17Awake, awake, stand up, O Jerusalem, which hast drunk at the hand of the Lord the cup of his fury; thou hast drunken the dregs of the cup of trembling, and wrung them out. 18 There is none to guide her among all the sons whom she hath brought forth; neither is there any that taketh her by the hand of all the sons that she hath brought up. 19These two things are come unto thee; who shall be sorry for thee? desolation, and destruction, and the famine, and the sword: by whom shall I comfort thee? 20Thy sons have fainted, they lie at the head of all the streets, as a wild bull in a net: they are full of the fury of the Lord, the rebuke of thy God.

21Therefore hear now this, thou afflicted, and drunken, but not with wine: 22Thus saith thy Lord the Lord, and thy God that pleadeth the cause of his people, Behold, I have taken out of thine hand the cup of trembling, even the dregs of the cup of my fury; thou shalt no more drink it again: 23But I will put it into the hand of them that afflict thee; which have said to thy soul, Bow down, that we may go over: and thou hast laid thy body as the ground, and as the street, to them that went over.

13. And hast forgotten Jehovah thy Maker. It is not enough to imagine that there is some God, but we ought to acknowledge and embrace him as ours. When he calls him “Maker,” this must not be understood to refer to universal creation, but to spiritual regeneration, as we have already explained under other passages. In this sense Paul calls us (τὸ ποίημα) “the workmanship of God,” (Ephesians 2:10,) because he hath created us to every good work. Thus, if we remember our creation and adoption, these beginnings may encourage us to hope for continued progress, that we may not be ungrateful to God, when he has proved his veracity by undoubted experience.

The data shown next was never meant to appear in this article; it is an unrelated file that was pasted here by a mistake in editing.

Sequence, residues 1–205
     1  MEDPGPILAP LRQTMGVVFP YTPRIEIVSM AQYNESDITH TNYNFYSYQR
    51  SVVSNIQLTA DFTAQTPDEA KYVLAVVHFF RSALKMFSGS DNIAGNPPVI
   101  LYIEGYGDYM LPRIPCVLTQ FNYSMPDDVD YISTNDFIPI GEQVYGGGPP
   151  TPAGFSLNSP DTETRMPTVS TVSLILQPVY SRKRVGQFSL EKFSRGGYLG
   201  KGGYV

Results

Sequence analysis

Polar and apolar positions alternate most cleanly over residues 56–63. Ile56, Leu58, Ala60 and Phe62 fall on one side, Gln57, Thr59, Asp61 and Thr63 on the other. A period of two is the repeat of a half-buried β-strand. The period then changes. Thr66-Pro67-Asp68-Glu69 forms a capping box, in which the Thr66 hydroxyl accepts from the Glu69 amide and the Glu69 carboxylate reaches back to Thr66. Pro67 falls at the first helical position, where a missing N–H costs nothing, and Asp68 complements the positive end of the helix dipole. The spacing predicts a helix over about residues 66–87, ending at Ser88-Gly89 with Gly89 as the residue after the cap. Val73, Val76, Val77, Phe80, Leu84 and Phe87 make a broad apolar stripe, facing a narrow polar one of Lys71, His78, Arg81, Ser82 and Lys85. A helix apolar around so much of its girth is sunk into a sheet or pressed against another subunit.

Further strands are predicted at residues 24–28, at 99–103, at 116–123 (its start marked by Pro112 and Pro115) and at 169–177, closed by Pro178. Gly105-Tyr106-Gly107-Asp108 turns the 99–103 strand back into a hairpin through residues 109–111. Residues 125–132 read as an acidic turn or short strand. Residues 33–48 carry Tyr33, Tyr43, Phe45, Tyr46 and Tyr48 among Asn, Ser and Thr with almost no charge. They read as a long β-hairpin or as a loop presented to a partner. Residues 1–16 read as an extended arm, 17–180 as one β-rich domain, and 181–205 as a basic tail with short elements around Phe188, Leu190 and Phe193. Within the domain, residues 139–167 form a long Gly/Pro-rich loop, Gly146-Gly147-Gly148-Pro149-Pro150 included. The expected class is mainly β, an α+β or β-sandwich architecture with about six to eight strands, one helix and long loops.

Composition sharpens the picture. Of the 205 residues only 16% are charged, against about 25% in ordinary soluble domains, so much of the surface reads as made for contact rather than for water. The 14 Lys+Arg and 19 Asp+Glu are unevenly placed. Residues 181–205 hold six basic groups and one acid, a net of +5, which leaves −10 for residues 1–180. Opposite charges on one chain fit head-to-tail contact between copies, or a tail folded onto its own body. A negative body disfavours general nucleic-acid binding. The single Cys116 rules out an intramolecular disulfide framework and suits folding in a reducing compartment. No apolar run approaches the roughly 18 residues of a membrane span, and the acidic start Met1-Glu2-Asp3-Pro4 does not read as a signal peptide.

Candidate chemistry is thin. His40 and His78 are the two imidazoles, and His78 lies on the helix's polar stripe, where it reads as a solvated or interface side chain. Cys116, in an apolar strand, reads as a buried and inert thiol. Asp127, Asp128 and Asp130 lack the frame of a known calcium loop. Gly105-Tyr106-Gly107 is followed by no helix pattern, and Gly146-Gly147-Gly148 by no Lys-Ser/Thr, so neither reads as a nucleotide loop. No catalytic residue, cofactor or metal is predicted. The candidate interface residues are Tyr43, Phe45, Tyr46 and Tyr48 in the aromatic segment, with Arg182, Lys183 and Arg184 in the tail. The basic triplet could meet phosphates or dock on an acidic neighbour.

Who hath stretched out the heavens and founded the earth. To the special kindness which God had exercised towards his people he likewise adds his boundless power which he contrasts with the weakness of men, whom he formerly compared to withered grass. (Isaiah 40:7.) He demonstrates that power by his works, so that they who do not perceive it must be exceedingly stupid; for we cannot tum our eyes in any direction without perceiving very abundant testimonies of divine goodness and power, which, however, are briefly described by a figure of speech in which a part is taken for the whole, when he says that it is “He who stretched out the heavens and founded the earth.” It is therefore the greatest folly and indolence to forget him, for so numerous are the signs and testimonies which recall him to the remembrance of men.

And hast dreaded continually. He follows out the same comparison. “What are men,” says he, “that thou shouldst dread them, if thou compare them to God, who promises thee his assistance?” Assuredly, God is grievously blasphemed, if we refuse to believe that he is more powerful to preserve than enemies are to destroy us; and therefore the Lord bids us consider who and what he is, how vast and extensive is his power, that we may not dread the fury of a mortal man, who vanishes like a whirlwind or like smoke.